Marxist Analysis of the American Dream

Topics: Capitalism, Karl Marx, Marxism Pages: 3 (1004 words) Published: January 9, 2006

Capitalism and its values revolve around material possessions and their acquisition. In this society, the poor man strives to be rich, and a powerless man to gain power. Many of these people however don't have access to these privileges, and so to be one of the few taking the limited seats of wealth and power they compete, most often times against each other. Such environments are not only often times promote conflict but confrontation as well, and many times the winners of these altercations are relishing in "The American Dream" While capitalism promotes the belief that this dream is achievable, it is more often than not, a literal dream, and leaves its pursuers poor, and weak. This keeps the working class powerless, and pacified to propagate capitalistic values.

Clean cut examples of this are cases in such societies where people do not have the chance to advance but have the chance to succeed. A strange position that seems to contradict a culture that's "Dream" is to be powerful and wealthy at he top of the ladder. Many people in these positions only perceive themselves to be succeeding but in actuality, they are failing at achieving what they most desire, and not knowing. "Success" and "Advancement" have attempted to be separated in this scenario, and keep the working class placated to ensure the wealthy upper class has little or no threat of takeover, or integration. Materialism often plays a large role in keeping this cycle in progress, as not having material goods, and money, even if only in small amounts and increments means not succeeding. Even moderate success is prized in a capitalistic society; as such a place promotes poverty amongst other social ills.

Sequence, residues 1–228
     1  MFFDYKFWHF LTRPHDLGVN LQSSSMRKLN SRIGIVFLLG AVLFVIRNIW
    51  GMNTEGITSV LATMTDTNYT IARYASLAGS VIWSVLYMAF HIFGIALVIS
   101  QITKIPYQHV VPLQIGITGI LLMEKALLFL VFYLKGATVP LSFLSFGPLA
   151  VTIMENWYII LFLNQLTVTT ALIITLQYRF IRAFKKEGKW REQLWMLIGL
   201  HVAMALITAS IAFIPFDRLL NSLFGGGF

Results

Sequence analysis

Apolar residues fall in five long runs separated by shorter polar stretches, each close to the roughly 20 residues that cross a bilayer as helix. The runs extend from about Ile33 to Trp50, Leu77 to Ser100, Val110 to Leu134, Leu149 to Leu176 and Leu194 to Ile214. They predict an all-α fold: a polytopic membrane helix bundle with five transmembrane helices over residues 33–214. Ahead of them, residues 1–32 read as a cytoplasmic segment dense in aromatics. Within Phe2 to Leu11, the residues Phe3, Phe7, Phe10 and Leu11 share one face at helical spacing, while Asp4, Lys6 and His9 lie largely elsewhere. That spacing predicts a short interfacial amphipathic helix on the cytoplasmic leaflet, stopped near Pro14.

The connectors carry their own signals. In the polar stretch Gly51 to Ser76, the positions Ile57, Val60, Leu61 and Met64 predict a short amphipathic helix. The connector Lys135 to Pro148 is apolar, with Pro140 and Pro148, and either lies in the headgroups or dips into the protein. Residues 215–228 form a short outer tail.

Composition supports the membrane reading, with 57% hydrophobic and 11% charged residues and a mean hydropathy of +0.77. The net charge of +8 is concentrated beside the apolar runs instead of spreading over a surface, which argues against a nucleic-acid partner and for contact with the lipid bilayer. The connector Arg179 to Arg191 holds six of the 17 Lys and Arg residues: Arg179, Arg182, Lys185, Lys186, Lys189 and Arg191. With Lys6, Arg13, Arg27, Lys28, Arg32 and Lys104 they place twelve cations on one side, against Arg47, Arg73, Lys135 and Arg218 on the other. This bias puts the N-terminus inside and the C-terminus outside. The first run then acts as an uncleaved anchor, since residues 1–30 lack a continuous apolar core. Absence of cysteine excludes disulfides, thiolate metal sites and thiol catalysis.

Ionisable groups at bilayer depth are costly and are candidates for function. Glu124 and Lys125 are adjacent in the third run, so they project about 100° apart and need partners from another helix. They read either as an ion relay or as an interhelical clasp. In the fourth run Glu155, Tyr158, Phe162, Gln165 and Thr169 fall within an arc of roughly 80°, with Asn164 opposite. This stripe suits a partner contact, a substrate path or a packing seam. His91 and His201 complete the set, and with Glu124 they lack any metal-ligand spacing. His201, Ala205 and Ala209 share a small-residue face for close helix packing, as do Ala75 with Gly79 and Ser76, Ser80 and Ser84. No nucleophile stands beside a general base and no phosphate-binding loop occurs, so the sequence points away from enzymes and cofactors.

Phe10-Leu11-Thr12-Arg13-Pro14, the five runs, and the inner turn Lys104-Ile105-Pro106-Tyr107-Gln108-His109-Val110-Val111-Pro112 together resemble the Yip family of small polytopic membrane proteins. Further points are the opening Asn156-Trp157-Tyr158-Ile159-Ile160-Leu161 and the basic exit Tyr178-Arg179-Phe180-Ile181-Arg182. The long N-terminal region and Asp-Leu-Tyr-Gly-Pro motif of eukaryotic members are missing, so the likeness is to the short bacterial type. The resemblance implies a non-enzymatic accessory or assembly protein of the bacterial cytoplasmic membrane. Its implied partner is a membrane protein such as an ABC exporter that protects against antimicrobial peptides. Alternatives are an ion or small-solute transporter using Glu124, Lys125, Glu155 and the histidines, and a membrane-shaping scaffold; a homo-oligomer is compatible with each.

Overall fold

A real world example of this is the middle manager at a fast food restaurant. They are not doing badly for themselves; they have a small amount of power, and a greater sum of money and power then their subordinate counterparts. A job opening is available to advance themselves out of...
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